Of all the businesses thrown off-kilter by the COVID-19 pandemic, it would seem SiriusXM deserves some special sympathy.
As a pay radio service, it depends on subscribers (it has 35 million) and a place for them to listen, namely an automobile -- 120 million vehicles have SiriusXM.
But the virus now keeps millions off the road. They are suddenly unemployed or working from home.
And the SiriusXM pipeline to new customers is tanking, too. The new car business is slumping badly. SiriusXM gives car buyers a free short-term subscription that, often enough, turns into a paying subscription later on.
Company stock traded at over $6.50 a share at the beginning of March, and as low as $4.11 on March 23, its 52-week low. It was priced at $5.11 as of 2 p.m. Wednesday.
Sirius is now taking steps to keep people interested, and turning to the home -- where the company has already been working to grow its listenership -- to do it. It's offering free service for its app until May 15.
“With so many people asked to stay at home, we are making our full streaming lineup of music, entertainment, news and information easily accessible to everyone,” said Jim Meyer, the CEO, in a statement he made March 31. “In the days ahead, we hope it's a valuable source of information or diversion, a generous mix of fresh live content, and a source of companionship that comes from the hosts on our many shows and channels.”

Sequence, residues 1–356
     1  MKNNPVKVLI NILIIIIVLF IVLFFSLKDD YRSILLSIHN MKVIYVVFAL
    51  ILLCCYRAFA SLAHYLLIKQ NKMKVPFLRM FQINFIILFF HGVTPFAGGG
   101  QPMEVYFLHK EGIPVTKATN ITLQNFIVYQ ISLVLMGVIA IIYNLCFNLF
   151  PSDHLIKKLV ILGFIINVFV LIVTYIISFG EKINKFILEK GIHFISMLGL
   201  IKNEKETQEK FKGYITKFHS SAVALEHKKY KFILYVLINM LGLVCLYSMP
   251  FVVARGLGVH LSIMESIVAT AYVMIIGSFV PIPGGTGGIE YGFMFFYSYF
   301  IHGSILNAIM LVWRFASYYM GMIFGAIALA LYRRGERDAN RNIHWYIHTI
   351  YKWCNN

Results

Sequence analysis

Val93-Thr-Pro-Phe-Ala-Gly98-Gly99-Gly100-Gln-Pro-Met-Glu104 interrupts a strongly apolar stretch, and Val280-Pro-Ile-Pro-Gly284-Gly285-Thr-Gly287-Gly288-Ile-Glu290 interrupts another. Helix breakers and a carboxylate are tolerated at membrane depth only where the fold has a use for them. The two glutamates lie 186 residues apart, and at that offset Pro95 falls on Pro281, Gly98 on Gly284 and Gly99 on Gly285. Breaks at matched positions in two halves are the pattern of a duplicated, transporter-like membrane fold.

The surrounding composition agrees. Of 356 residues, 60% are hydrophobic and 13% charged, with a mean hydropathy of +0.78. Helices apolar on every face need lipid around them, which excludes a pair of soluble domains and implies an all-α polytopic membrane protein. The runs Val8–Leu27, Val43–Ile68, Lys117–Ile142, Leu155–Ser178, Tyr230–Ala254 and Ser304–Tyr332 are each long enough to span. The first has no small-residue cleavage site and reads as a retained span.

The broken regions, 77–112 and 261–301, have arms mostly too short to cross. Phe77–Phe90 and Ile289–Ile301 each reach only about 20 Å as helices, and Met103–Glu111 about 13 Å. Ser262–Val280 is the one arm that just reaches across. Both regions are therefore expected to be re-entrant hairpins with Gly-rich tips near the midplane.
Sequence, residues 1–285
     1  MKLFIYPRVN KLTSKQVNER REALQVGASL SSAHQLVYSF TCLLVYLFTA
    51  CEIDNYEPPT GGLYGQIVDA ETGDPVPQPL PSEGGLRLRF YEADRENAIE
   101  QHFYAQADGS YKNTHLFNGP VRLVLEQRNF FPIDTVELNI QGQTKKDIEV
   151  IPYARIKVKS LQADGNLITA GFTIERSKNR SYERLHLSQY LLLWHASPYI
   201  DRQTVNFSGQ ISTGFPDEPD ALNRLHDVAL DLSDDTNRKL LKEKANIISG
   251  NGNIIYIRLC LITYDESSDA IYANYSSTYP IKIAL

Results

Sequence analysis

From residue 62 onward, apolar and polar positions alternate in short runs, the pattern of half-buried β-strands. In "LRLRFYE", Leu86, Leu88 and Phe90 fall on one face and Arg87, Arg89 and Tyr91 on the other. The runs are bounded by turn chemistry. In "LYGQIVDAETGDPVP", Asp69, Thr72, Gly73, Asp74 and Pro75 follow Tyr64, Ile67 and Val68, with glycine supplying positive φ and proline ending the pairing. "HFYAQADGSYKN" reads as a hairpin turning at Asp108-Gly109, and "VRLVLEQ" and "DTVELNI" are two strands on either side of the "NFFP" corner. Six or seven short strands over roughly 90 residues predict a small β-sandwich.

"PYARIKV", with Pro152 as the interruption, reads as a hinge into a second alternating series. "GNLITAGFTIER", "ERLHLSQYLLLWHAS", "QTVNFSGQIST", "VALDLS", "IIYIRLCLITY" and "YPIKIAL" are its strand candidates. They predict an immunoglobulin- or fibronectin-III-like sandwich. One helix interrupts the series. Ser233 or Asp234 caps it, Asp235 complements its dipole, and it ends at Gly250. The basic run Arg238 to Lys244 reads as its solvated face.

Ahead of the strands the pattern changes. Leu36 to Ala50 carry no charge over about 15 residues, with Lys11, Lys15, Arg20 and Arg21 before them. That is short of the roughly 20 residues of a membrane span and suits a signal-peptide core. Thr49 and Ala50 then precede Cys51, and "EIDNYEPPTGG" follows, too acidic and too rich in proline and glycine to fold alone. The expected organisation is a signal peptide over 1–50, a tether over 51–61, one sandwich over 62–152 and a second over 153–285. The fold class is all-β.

The free app offer gives listeners access to more than 300 SiriusXM channels (yes, Howard Stern included). SiriusXM has also added a special version of its Doctor channel, now all all about answering listeners’ questions re the virus, and #StayHomeRadio, a music service intended to serve that new crowd.
SiriusXM’s natural competition is conventional radio. Nielsen research reported March 26 that maybe things aren’t so bad for radio, after all. Its survey shows 83% of consumers are listening to more or the same amount of radio as they did prior to the crisis -- 28% more, while 55% listen to the same amount.
The survey says 26% are listening more in their home. But it says 32% report they’re listening less in their car -- probably because they’re not in it.